Joseph’s career, for many years of his life, was a most humble one, and yet “it came to pass from the time that he made him overseer in his house and over all that he had, that the Lord BLESSED the Egyptian’s house for Joseph’s sake.”

That respect which is always commanded by a faithful and prudent servant was the highest honour he knew while in the service of Potiphar; and from this station he was unjustly cast into prison, where the Lord’s Blessing still attended him, while he filled the yet more humble office of steward to the keeper of the prison. In both these situations we are repeatedly told, “and that which he did the Lord made it to prosper.” Now what may we imagine to have been Joseph’s employments in these situations? Something more exalted than the duties which devolve daily upon us, and therefore more worthy of the favour of the Almighty? This, we may not suppose; for, leaving out the improbabilities attending this supposition, there is no mere earthly duty which, in itself, (however important it may be in our eyes,) can be exalted in the eyes of the infinite Ruler of the universe; and yet what duty, however humble, may not become exalted in His sight, and bring down a BLESSING from Him, if performed in a spirit of love and obedience?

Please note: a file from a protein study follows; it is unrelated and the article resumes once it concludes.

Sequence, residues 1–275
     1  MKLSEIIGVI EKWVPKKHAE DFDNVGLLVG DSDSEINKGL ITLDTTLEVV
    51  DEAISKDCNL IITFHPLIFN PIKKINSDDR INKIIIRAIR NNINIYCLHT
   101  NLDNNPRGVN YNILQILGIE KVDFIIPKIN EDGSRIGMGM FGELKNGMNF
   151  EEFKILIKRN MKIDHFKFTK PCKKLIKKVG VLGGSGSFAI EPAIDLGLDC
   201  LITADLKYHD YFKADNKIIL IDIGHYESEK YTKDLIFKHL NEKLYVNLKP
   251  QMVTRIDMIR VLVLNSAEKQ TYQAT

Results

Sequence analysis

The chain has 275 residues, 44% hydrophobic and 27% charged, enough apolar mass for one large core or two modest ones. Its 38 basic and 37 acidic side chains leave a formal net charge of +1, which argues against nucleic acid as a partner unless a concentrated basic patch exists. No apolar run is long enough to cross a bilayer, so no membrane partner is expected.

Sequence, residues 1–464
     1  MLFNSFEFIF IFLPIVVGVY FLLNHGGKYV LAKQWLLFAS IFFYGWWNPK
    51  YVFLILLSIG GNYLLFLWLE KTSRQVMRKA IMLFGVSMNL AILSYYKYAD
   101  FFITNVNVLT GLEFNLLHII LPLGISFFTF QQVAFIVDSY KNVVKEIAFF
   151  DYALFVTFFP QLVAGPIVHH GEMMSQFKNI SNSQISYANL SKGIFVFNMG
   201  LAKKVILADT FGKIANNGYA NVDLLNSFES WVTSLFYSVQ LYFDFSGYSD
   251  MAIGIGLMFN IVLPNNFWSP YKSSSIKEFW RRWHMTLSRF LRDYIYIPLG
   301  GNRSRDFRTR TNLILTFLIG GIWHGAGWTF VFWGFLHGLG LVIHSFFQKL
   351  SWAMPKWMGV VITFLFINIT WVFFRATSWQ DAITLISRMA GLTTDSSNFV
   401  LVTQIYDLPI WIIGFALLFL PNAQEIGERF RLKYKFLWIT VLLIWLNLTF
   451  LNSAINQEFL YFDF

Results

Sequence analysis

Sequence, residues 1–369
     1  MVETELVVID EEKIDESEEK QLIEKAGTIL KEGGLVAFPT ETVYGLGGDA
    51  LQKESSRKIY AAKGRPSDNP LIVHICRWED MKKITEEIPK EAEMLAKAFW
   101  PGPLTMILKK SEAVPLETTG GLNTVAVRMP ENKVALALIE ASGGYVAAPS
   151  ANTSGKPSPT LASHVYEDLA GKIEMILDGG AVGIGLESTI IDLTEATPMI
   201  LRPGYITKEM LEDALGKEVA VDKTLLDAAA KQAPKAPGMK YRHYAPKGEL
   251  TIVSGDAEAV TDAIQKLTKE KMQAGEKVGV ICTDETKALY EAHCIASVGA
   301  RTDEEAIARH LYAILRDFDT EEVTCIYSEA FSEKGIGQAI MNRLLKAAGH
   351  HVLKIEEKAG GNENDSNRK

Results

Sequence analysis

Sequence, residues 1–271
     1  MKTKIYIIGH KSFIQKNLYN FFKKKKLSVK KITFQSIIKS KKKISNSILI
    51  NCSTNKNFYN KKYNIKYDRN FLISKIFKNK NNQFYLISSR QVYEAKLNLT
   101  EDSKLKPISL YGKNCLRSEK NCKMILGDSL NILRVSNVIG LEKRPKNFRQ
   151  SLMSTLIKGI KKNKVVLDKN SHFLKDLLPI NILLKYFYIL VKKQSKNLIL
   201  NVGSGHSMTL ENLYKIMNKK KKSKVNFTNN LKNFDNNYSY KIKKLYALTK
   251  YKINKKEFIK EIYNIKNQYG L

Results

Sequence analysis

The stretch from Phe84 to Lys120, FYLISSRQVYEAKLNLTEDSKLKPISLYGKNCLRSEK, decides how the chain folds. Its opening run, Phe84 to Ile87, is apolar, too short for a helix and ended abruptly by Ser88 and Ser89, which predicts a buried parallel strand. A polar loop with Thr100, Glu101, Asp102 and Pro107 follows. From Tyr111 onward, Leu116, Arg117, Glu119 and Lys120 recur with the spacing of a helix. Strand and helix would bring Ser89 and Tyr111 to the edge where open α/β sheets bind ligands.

Joseph’s employments, from the stations which he filled before entering into the service of Pharaoh, must have included all those minor duties comprised in the government of a household. It is then in these that we must look for that BLESSING OF THE LORD which “made that which he did to prosper,” in crowning all his operations with success. Among other things, we may imagine the domestics in the house of Potiphar, as well as the inmates of the prison, willingly submitting to his rule, and cheerfully and successfully executing his commands, because the Lord was with him. And why was the Lord with him? Because Joseph loved and feared Him, and, regardless of worldly consequences, steadily preserved the sacred integrity of his God-fearing heart; and when persecuted almost beyond endurance, he fled from the temptations which assailed him. In the upright simplicity of his faith he exclaimed, “How then can I do this great wickedness and sin against God?”